Thank you for your support and for joining this community of voices. Please help us spread the word.

"A gem of a book revealing the agony of contemporary Iran and also proving once again that humor, especially cartoons, can prove to be deadly serious."
Ervand Abrahamian  distinguished scholar of Middle Eastern history and author of Iran Between Two Revolutions

"This book, as a collection of cartoons by Iranian artists with human rights themes, is the first of its kind. It is an unprecedented endeavor and I hope that it will pave the way for future infusions of arts and human rights concerns."
Shirin Ebadi  2003 Nobel Peace laureate

"I find . . . Sketches of Iran to be quite distinctive and important. . . . These contributions represent diverse voices, inspirational to everyone regardless of geographical and cultural differences. With such breadth and depth, I believe this publication to be a singular and crucial collection."
Shirin Neshat  internationally acclaimed Iranian artist, photographer, and filmmaker

Sketches of Iran is being published by the International Campaign for Human Rights in Iran, an independent non-profit, non-partisan organization with a focus on improving the human rights situation in Iran. Headquartered in New York, its activities are carried out in the United States, Europe, and Latin America. The organization’s staff is comprised of professionals with backgrounds in human rights documentation, advocacy, and journalism.
The Campaign’s activities encompass research and documentation, published in the form of press releases, reports, and books; advocacy in international forums, media, and civil society; and capacity building for the Iranian human rights community. The Campaign’s various products are published in English and Persian.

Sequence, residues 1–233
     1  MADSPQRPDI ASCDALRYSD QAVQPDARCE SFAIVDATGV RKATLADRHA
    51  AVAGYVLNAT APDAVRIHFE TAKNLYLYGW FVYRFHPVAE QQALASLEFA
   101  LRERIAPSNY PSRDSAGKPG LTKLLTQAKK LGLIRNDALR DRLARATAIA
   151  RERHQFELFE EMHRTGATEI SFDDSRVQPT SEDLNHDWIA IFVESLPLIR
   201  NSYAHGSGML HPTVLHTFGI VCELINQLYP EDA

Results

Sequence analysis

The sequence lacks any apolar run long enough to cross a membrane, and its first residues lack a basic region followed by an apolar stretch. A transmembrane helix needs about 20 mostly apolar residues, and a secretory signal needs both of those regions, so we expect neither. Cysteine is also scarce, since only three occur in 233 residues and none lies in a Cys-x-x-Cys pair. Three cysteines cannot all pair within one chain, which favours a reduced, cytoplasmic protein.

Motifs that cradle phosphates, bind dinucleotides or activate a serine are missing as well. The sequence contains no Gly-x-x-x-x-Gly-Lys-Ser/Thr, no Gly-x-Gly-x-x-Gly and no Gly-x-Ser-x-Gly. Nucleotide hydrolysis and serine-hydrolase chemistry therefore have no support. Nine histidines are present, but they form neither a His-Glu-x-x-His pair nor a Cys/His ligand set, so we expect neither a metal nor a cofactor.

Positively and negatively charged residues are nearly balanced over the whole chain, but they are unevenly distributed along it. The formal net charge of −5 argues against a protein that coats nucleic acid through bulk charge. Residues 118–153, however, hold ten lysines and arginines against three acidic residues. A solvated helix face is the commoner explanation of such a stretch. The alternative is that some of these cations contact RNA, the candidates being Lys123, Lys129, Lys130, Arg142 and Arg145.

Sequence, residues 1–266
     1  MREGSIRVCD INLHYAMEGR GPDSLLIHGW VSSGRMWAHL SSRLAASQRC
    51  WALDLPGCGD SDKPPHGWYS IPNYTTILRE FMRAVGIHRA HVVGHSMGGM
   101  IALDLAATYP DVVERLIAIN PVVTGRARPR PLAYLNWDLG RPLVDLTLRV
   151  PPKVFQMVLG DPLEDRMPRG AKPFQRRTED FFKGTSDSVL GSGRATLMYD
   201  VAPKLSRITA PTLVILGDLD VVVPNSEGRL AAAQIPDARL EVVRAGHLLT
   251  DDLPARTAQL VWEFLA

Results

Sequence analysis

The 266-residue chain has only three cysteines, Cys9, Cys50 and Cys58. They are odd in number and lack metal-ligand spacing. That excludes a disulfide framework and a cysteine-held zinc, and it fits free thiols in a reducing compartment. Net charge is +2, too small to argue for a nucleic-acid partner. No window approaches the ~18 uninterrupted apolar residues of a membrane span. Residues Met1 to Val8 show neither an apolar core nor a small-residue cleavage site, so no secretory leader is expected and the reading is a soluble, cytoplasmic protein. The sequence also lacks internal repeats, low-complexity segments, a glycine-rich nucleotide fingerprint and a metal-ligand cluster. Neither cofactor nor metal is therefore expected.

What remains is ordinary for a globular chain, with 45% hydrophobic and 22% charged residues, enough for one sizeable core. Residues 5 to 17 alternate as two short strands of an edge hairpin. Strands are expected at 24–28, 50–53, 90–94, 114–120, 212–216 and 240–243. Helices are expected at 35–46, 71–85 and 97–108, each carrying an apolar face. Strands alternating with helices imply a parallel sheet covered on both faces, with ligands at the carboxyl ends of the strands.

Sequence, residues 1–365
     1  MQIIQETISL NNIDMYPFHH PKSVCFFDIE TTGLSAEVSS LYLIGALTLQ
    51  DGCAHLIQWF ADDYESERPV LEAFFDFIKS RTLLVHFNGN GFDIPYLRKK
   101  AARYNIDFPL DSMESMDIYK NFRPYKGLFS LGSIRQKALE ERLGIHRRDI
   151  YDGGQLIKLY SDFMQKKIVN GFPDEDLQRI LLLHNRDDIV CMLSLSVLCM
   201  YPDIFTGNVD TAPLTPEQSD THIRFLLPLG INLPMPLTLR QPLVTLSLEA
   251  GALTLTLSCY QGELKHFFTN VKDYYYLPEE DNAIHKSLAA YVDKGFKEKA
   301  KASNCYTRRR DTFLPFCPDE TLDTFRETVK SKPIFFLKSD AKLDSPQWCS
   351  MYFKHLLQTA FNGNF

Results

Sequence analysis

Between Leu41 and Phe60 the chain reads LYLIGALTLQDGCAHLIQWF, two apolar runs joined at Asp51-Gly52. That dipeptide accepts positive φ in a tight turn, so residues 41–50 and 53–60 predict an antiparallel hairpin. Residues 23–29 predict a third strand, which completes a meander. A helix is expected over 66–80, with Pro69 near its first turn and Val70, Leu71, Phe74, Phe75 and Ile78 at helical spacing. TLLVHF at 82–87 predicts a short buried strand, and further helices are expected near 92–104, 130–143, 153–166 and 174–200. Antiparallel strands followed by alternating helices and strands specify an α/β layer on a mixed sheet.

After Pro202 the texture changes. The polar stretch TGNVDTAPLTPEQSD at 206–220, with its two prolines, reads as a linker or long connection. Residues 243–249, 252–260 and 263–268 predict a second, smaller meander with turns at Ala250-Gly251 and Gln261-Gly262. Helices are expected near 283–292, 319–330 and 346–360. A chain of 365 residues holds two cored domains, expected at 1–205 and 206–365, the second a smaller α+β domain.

For more information about the International Campaign for Human Rights in Iran, please visit www.iranhumanrights.org.

Risks and challenges Learn about accountability on Kickstarter

As with any book, there are inherent risks and challenges. We've gotten through the writing, editing, and designing stages, and we've even found a printer we like. But nothing is without risks. At this stage, there are two steps left that might incur challenges.

Printing: We have shopped around with different printers to find one that has both the quality we need and the pricing we can afford. We have just received the proofs, and the quality is excellent. The main challenge now has to do with printing costs, which is where your help comes in. As the quantity we order goes up, the price per unit goes down, making the book easier to distribute and expanding its reach. If we fail to raise the needed funds, we will only be able to print a very limited run, and the reach of this book will be crippled.

Packaging and shipping: We are a small and dedicated team of human rights professionals with experience in publishing. While we plan to do all of the packaging and shipping ourselves, if there is a sudden catastrophe in Iran (like a military strike, or a large-scale protest), our first priority will be to the human rights community, and we may be forced to delay our packaging and shipping of the rewards. Such an event, however, is not highly likely.

FAQ